NEW YORK -- A new TV commercial features a good-looking young woman on a beach vacation lounging next to a good-looking young man. He bemoans the glare on his iPad and she fills him in on the Kindle Paperwhite's sun-friendly screen.
He clicks to buy one himself and suggests they celebrate with a drink.
"My husband's bringing me a drink right now," chirps she.
"So is mine," smiles he as they turn and wave at their male loved ones sitting together at a tiki bar.
Welcome to the latest in gay imagery in mainstream advertising -- nearly two decades after Ikea broke ground in the U.S. with a TV spot featuring a gay couple shopping for a dining room table. That commercial ran only once in New York and Washington, D.C., and was pulled after bomb threats to Ikea stores.
Today, gay and lesbian parents and their kids are featured -- along with pitchwoman Ellen DeGeneres -- in J.C. Penney ads. Same-sex couples have their own, advertised wedding registries at Macy's. Two happy young men sit together eating at a dining table, with wine and romantic candlelight, in a section of a Crate & Barrel catalog marked "Us & Always."
Traditionally lagging behind TV and film content in terms of LGBT inclusion, advertisers in this country are facing considerably less trouble than they used to when taking on gay themes, observers said. Penney's rebuffed critics and launched a lesbian-focused catalog ad for Mother's Day that the company followed with a two-dads family for Father's Day.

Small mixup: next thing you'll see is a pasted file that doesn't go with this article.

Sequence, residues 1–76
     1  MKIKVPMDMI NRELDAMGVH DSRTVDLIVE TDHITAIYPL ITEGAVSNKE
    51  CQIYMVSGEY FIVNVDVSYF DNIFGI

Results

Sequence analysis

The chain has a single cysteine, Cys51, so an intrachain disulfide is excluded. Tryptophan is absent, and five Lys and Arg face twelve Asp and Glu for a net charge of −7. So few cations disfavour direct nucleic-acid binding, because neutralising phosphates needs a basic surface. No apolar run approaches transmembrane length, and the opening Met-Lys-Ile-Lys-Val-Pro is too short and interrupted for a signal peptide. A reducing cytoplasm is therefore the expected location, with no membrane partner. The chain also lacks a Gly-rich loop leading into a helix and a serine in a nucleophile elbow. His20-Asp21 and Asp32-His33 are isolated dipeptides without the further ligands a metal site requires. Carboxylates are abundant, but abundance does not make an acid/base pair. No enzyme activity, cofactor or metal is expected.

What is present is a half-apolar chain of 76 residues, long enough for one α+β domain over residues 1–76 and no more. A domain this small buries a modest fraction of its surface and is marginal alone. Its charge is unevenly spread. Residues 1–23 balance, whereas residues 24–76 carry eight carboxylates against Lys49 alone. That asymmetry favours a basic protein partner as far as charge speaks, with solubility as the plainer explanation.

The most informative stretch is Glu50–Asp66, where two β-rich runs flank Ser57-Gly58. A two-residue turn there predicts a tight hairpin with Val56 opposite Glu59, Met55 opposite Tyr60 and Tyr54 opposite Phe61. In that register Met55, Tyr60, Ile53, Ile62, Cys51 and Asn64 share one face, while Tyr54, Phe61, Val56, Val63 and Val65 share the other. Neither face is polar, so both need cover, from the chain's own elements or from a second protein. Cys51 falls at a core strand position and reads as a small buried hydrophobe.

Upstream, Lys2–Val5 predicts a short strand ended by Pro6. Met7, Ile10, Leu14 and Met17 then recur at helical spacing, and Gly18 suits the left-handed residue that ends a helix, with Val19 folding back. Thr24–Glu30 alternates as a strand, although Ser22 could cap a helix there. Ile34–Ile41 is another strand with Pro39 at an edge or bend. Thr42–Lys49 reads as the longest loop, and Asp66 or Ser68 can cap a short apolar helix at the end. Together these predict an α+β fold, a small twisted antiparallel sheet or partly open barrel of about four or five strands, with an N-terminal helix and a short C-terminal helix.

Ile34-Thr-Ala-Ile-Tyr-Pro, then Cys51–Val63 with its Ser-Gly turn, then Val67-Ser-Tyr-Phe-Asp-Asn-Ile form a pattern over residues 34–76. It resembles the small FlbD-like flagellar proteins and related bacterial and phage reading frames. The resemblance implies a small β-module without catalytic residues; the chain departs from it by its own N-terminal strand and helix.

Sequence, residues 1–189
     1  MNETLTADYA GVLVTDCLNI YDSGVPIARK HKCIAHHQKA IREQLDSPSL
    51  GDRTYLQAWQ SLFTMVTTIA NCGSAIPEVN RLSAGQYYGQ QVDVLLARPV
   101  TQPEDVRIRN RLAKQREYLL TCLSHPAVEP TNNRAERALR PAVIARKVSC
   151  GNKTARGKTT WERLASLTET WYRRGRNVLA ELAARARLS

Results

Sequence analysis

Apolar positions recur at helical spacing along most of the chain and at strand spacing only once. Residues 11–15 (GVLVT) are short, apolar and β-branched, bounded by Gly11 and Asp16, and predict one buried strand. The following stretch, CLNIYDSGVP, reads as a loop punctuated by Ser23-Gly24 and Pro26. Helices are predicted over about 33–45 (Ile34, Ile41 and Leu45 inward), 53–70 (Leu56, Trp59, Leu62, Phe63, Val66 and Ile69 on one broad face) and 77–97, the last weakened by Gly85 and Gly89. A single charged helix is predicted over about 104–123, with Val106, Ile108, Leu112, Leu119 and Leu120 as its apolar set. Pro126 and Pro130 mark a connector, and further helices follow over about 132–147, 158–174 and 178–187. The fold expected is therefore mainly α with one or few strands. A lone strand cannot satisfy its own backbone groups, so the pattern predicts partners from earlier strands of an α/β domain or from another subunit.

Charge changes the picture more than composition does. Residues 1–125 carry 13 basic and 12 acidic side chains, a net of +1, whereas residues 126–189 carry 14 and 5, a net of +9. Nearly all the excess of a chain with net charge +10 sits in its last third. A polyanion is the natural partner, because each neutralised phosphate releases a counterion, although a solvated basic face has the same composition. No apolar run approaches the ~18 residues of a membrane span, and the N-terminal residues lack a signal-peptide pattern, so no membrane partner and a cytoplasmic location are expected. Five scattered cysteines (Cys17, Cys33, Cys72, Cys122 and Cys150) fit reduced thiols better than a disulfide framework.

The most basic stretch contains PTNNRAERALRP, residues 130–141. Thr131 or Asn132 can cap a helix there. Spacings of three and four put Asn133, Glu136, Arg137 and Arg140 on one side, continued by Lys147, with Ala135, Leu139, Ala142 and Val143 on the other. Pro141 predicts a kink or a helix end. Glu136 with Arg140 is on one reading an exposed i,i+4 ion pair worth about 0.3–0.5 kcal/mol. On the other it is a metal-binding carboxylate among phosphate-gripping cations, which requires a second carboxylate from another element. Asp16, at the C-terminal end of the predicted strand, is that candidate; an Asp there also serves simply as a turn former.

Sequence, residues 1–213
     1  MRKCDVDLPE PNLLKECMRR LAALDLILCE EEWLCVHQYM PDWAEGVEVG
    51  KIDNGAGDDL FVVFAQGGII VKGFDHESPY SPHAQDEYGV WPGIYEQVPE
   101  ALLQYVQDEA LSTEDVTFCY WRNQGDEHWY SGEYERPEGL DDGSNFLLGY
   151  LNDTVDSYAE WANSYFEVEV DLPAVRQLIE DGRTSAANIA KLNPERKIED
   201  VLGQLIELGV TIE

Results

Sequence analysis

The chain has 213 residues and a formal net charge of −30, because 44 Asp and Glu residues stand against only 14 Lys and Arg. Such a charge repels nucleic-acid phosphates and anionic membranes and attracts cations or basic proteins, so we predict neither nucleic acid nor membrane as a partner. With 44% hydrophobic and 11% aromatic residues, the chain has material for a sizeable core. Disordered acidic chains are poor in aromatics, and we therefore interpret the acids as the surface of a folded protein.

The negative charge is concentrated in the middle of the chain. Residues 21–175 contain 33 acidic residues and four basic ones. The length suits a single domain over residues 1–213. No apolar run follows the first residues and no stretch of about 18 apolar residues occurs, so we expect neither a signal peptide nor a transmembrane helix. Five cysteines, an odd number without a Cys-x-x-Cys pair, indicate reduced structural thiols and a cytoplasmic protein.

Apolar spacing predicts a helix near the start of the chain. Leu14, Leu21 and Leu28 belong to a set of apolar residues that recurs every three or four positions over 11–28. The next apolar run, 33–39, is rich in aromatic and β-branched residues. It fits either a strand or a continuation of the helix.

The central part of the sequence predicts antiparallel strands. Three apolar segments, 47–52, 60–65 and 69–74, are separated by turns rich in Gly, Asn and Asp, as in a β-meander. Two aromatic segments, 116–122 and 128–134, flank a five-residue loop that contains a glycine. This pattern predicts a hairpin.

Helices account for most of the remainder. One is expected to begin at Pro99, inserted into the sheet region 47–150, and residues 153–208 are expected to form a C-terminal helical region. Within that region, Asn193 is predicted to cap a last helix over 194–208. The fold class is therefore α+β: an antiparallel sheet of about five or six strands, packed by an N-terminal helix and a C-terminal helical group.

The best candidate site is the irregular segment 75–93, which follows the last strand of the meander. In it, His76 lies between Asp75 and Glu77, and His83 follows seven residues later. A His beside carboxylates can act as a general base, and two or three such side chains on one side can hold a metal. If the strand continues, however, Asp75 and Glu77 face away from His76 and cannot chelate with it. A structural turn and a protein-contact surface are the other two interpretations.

Though Crate & Barrel declined comment for this story and Amazon didn't respond to email requests for the same about the Kindle ad, LGBT-focused marketers and monitors think the Mad Men and Women of today's Madison Avenue and the companies that employ them might finally be getting it.
"They're no longer just targeting gay and lesbian people. They're targeting people like my mom, who want to know that a company embraces and accepts their gay and lesbian family members, friends and neighbors," said Rich Ferraro, a spokesman for the media watchdog group the Gay and Lesbian Alliance Against Defamation.
"Things have changed significantly in terms of risk and reward," said Bob Witeck, who consults for Fortune 100 companies on LGBT marketing and communications strategies. "Businesses don't view this as a risk model any longer."
Particularly, he said, when it comes to portraying marriage.
"Marriage, at one time, was the third rail," Mr. Witeck said. "That terrified companies. Most of this happened when the president said he supported marriage equality."
Mark Elderkin, CEO of the Gay Ad Network, which focuses on the LGBT niche market, said mainstream gay messaging has "passed the tipping point, where there's more to gain than there is to lose" for advertisers.
While there are groups of "vocal antagonists," he said, more advertisers bolstered by broader media exposure for gay characters and story lines in TV shows and movies have explored nontraditional families and included LGBT imagery in "normal" settings.
"It seems to be moving quickly forward. It's companies that want to be more on the leading edge, more for the next generation of this country," Mr. Elderkin said. "It's not your parents' brand anymore. It's your brand and your kids' brand."